Simple Spring AOP and annotations example

3 minute read

Spring seems to be the tool of choice for many new web projects nowadays, and while there’s a wealth of examples and documentation out there, one particular use case eluded me quite a bit: AOP with annotations. I don’t like xml, I prefer annotations and convections, so here’s a step by step example on how to get a basic example up and running. In this very basic example we’ll create a logging aspect and wrap it around an object.

First let’s get everything setup. We’ll start with an empty webproject, and we’ll add the following libraries:

  • All of the jars from the spring-framework-3.0.1 zip. (from SpringSource)
  • asm3.2.jar (from ASM)
  • aspectjrt.jar and aspectjweaver.jar (from Eclipse)
    • In this example I’m using aspectj-1.6.8.jar. The jars you need are inside the jar you download.
  • cglib-2.2.jar (from Sourceforge)
  • (from SpringSource)
  • commons-logging-1.1.1.jar (from Apache Commons)
  • jstl-api-1.2.jar and jstl-impl-1.2.jar(from Java site)
    • Maybe not required, but always useful.

Now let’s create a basic web.xml:

<web-app xsi="" xmlns="" web="" schemalocation="" id="WebApp_ID" version="2.5">






The xml simply initializes the spring framework, by passing the location of the main configuration file ( /WEB-INF/spring/web-application-context.xml ). We also map our spring actions to *.do. Now let’s look at the web-application-context.xml file:

<?xml version="1.0" encoding="UTF-8"?>
<beans xmlns=""

 <context:component-scan base-package="test.spring.actions" />

 <!-- Imports the configurations of the different infrastructure systems of the application -->
 <import resource="webmvc-context.xml" />
 <import resource="aop-context.xml"/>

This file defines which package should be scanned for components (test.spring.actions in this case) and imports two further files. One of these files controls the AOP part of the framework, while the other controls the MVC (Model-View-Controller) part of the framework. Let’s look at the aop-context.xml file:

<?xml version="1.0" encoding="UTF-8"?>
<beans xmlns=""

<aop:aspectj-autoproxy />

<bean id="myAspect" class="test.spring.aspects.Logger"/>
<bean id="myAspectLog" class="test.spring.actions.LogObject"/>

Of note here, is the aspectj-autoproxy tag, which is required to enable the creation of proxy object to apply the aspects. Now, lets look at the code. The first class is the logger aspect that we will be applying to one or more classes:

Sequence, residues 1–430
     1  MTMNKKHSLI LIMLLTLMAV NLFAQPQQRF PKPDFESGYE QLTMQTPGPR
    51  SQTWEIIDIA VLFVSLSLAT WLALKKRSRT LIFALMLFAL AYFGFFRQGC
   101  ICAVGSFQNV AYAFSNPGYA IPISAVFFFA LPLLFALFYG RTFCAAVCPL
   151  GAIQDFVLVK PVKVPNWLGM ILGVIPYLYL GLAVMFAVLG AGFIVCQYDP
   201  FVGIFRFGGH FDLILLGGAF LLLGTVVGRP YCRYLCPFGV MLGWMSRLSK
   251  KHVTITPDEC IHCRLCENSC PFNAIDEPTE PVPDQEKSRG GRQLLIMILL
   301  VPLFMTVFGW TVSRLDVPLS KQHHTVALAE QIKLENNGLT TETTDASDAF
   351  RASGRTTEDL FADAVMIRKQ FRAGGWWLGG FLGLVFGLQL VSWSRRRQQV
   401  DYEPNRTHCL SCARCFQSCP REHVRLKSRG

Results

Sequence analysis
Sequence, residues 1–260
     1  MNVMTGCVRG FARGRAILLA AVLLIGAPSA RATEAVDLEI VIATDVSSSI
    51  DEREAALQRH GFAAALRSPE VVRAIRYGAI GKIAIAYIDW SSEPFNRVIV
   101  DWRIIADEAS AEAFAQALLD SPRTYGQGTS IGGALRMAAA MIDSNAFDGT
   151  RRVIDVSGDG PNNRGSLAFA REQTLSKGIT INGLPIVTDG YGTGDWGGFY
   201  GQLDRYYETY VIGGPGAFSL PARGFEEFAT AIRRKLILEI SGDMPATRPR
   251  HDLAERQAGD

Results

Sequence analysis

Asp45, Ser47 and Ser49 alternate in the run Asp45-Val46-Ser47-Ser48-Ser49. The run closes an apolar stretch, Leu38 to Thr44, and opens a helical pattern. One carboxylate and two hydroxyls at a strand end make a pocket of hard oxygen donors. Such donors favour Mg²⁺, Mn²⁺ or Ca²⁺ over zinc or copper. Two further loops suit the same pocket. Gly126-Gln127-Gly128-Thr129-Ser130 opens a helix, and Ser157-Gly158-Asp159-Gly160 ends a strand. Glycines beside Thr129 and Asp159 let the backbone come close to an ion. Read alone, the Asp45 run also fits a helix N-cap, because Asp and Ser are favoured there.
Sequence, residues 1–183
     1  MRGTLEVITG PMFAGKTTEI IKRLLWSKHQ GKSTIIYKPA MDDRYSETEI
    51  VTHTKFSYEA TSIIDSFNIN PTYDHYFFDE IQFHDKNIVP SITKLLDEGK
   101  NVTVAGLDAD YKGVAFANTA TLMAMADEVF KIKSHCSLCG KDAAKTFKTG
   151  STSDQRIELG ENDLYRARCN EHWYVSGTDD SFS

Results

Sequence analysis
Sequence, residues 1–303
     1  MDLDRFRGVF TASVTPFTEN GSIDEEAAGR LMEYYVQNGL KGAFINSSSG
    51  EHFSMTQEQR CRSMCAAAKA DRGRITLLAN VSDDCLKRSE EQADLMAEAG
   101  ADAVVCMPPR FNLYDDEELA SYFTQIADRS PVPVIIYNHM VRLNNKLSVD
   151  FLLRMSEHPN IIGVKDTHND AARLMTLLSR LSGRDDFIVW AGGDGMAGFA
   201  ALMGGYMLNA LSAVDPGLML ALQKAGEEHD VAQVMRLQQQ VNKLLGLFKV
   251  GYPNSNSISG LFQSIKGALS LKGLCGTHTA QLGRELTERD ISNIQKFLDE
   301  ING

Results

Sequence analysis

package test.spring.aspects;

import org.aspectj.lang.ProceedingJoinPoint;
import org.aspectj.lang.annotation.Around;
import org.aspectj.lang.annotation.Aspect;

public class Logger {
    @Around(("execution(* test.spring.actions.LogObject.*(..))"))
    public Object cache(ProceedingJoinPoint pjp) {
        System.out.println("Entering: " + pjp.getSignature().getDeclaringTypeName());
        Object ret=null;
        try {
            ret = pjp.proceed();
        } catch (Throwable e) {
        System.out.println("Leaving: " + pjp.getSignature().getDeclaringTypeName());
        return ret;

Here we’re using the @Around annotation to declare an around join point, since this type gives us more information regarding the class and method we’re wrapping. In the same annotation, we also specify that this point cut should be applied to all methods of the LogObject class. This is the point cut expression, and it’s fairly flexible. More information can be found elsewhere in the web, including the Spring documentation. Other than this, our aspect just logs the entry and exit of the methods.

The actual class we’re applying the aspect to is rather uninteresting:

package test.spring.actions;

public class LogObject implements ILogObject{
    public String view() {
        return "";

Of course this is where your actual application logic would live, but the purpose here is to provide the simplest example possible. The only notable aspect of this class is that it implements an interface. In our controller we’ll use the interface instead of the actual implementation, since Spring will wire a dynamic proxy of the real object. In any case, it is normally good practice to program against interfaces.

Last is our controller, where we tie everything together:

package test.spring.actions;

import org.springframework.beans.factory.annotation.Autowired;
import org.springframework.stereotype.Controller;
import org.springframework.web.bind.annotation.RequestMapping;

public class TestAction {
    ILogObject l;
    public String view () {
        return "test";

The controller is letting Spring autowire the ILogObject, which will be proxied to provide the functionality provided by our logging aspect. So, go ahead and hit the action from your browser, in the console you will see the log messages before and after we execute the view() method.

So this is it, I hope this helps people as a basic starting point for using AOP inside spring, without having to write too much xml.